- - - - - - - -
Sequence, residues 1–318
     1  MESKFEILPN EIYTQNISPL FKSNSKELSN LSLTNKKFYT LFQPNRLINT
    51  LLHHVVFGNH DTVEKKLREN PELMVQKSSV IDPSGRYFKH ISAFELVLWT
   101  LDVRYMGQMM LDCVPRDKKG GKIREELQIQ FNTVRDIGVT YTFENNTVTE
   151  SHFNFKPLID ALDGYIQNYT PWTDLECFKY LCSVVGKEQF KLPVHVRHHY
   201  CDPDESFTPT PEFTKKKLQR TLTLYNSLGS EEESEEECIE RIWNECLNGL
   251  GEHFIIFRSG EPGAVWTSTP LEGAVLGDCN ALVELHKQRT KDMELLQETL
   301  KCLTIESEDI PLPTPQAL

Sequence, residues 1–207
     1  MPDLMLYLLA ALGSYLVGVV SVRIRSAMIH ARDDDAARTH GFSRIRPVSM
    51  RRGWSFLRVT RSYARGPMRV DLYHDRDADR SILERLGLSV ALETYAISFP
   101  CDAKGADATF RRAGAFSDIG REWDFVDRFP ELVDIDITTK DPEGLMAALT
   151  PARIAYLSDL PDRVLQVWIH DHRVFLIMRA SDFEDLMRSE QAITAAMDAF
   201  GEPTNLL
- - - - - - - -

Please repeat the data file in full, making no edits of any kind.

Sequence, residues 1–318
     1  MESKFEILPN EIYTQNISPL FKSNSKELSN LSLTNKKFYT LFQPNRLINT
    51  LLHHVVFGNH DTVEKKLREN PELMVQKSSV IDPSGRYFKH ISAFELVLWT
   101  LDVRYMGQMM LDCVPRDKKG GKIREELQIQ FNTVRDIGVT YTFENNTVTE
   151  SHFNFKPLID ALDGYIQNYT PWTDLECFKY LCSVVGKEQF KLPVHVRHHY
   201  CDPDESFTPT PEFTKKKLQR TLTLYNSLGS EEESEEECIE RIWNECLNGL
   251  GEHFIIFRSG EPGAVWTSTP LEGAVLGDCN ALVELHKQRT KDMELLQETL
   301  KCLTIESEDI PLPTPQAL

Sequence, residues 1–207
     1  MPDLMLYLLA ALGSYLVGVV SVRIRSAMIH ARDDDAARTH GFSRIRPVSM
    51  RRGWSFLRVT RSYARGPMRV DLYHDRDADR SILERLGLSV ALETYAISFP
   101  CDAKGADATF RRAGAFSDIG REWDFVDRFP ELVDIDITTK DPEGLMAALT
   151  PARIAYLSDL PDRVLQVWIH DHRVFLIMRA SDFEDLMRSE QAITAAMDAF
   201  GEPTNLL